Sunday, April 17, 2016

The Diver's Clothes Lie Empty by Vendela Vida

A visitor to Morocco loses her identity

Our nameless narrator (one of twins) is, on her very first day in Casablanca, the victim of a particularly skillful pickpocket, losing her passport, credit card and money.  (First thing to do in Casablanca is to get out of Casablanca.)  She has no way to prove who she is. After several bumbling attempts at assistance, the intimidating police chief hands her another woman’s backpack, insisting that the case has been solved. The narrator uses the other woman’s credit card to rent a luxury hotel room. She turns to the US embassy, but soon becomes convinced the US Embassy is about to discover all her stupid dishonesties.  At her wit’s end, it luckily turns out she is an exact body double for the famous actress shooting a movie in Casablanca and our narrator gets a paying job.  But her body double acting is so good, on screen and off , that the famous movie star gets enraged. Just in the nick of time, and with the help of another astonishing coincidence, our narrator escapes being found out yet once again. In addition, at the end, the big secret from back home is perfectly detonated.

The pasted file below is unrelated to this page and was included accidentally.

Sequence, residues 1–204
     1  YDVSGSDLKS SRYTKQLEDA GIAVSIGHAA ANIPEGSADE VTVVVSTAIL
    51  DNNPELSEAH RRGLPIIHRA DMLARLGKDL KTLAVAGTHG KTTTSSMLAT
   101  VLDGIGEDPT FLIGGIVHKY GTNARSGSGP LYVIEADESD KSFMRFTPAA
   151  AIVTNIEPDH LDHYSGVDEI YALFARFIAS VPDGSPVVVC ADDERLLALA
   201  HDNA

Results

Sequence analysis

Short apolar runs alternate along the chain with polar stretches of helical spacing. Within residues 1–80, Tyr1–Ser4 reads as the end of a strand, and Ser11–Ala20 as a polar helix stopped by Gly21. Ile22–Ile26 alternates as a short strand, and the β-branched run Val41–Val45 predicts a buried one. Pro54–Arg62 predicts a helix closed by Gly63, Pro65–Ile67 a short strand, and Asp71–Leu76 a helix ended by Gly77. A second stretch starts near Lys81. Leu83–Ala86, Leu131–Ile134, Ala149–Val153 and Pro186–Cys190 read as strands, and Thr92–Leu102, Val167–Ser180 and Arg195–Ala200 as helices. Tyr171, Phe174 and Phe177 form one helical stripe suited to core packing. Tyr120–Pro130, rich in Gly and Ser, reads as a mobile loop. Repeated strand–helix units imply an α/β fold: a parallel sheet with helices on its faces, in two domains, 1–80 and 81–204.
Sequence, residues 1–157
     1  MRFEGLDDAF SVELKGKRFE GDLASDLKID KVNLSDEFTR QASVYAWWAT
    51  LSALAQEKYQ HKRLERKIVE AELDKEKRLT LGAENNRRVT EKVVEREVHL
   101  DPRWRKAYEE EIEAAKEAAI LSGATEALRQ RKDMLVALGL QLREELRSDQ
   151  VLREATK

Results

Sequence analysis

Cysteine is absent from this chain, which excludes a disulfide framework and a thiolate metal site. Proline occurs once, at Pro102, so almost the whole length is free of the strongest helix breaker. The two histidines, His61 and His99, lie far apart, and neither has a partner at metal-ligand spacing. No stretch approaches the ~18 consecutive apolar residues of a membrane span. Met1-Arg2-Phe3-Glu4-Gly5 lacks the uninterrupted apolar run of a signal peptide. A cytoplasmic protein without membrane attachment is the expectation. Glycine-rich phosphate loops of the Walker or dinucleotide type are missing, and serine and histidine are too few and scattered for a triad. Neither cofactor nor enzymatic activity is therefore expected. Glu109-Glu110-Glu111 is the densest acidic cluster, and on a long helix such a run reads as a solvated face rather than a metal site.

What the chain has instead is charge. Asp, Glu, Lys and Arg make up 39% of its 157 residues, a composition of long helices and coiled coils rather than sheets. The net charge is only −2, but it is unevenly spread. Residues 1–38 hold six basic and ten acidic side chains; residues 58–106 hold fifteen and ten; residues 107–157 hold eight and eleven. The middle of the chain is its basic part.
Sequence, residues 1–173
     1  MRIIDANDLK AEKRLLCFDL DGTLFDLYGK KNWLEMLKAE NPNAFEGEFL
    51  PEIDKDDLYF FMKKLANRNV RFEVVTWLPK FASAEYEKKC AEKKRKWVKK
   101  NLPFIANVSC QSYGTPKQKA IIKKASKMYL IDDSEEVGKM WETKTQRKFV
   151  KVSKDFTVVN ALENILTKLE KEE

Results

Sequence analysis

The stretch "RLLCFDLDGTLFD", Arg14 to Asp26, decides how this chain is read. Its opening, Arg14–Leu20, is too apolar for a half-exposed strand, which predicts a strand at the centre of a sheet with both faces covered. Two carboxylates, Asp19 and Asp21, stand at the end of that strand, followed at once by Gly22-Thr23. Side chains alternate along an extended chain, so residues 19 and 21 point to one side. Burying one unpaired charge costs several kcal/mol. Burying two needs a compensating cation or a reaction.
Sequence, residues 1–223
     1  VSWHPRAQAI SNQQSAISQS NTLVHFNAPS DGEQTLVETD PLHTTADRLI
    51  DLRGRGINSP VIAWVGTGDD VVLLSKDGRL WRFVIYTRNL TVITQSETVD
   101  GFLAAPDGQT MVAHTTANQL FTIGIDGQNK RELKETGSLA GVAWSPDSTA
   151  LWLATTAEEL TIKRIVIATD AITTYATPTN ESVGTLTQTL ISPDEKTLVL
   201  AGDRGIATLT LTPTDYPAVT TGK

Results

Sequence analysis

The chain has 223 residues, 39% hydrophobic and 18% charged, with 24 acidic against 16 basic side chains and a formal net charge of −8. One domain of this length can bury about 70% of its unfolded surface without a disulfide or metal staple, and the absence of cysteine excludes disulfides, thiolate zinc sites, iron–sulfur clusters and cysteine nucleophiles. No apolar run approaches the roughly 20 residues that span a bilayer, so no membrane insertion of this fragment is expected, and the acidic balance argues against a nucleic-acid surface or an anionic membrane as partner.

I really enjoyed this novel, although for most readers, this may be an esoteric pleasure, an extended joke, a meditation on identity. Critical bundles get stolen, seemingly nice doubles stab the heroine in the back.  There are also a lot of costume changes. The pleasure comes in the narrator’s increasing paranoia, her off the chart neuroticism and overall ineffectiveness. I kept reassuring myself: This could never happen, could it?

The book was perfectly crafted; the narrator never wears out her welcome in any particular role. This is one of the few novels I have read recently where the intensity properly increased as the story went on, and the “secret” was opportunely presented. The narrator doesn’t really go to all that much trouble to retrieve her identity, because if, at any point, she ever did the logical thing, the story would end. Finally, the book was hilarious – there definitely is a Keystone Kops thing going on.

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